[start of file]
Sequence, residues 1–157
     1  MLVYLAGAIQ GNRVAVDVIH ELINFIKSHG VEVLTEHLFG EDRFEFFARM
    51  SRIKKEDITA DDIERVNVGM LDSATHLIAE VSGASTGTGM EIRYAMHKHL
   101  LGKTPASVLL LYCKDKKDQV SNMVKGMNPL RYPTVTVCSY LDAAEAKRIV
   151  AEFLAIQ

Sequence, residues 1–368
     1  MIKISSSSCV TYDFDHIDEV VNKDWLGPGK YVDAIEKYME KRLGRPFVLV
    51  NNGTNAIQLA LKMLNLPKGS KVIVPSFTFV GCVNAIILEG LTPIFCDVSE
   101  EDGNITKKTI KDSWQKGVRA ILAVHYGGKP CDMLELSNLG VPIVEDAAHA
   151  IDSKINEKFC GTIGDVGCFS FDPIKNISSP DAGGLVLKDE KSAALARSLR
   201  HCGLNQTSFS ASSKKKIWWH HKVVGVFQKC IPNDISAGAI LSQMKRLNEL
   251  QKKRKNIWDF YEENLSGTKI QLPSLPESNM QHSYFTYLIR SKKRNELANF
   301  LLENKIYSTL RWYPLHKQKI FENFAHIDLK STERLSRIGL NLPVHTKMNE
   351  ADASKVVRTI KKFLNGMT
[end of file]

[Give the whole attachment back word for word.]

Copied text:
Sequence, residues 1–157
     1  MLVYLAGAIQ GNRVAVDVIH ELINFIKSHG VEVLTEHLFG EDRFEFFARM
    51  SRIKKEDITA DDIERVNVGM LDSATHLIAE VSGASTGTGM EIRYAMHKHL
   101  LGKTPASVLL LYCKDKKDQV SNMVKGMNPL RYPTVTVCSY LDAAEAKRIV
   151  AEFLAIQ

Sequence, residues 1–368
     1  MIKISSSSCV TYDFDHIDEV VNKDWLGPGK YVDAIEKYME KRLGRPFVLV
    51  NNGTNAIQLA LKMLNLPKGS KVIVPSFTFV GCVNAIILEG LTPIFCDVSE
   101  EDGNITKKTI KDSWQKGVRA ILAVHYGGKP CDMLELSNLG VPIVEDAAHA
   151  IDSKINEKFC GTIGDVGCFS FDPIKNISSP DAGGLVLKDE KSAALARSLR
   201  HCGLNQTSFS ASSKKKIWWH HKVVGVFQKC IPNDISAGAI LSQMKRLNEL
   251  QKKRKNIWDF YEENLSGTKI QLPSLPESNM QHSYFTYLIR SKKRNELANF
   301  LLENKIYSTL RWYPLHKQKI FENFAHIDLK STERLSRIGL NLPVHTKMNE
   351  ADASKVVRTI KKFLNGMT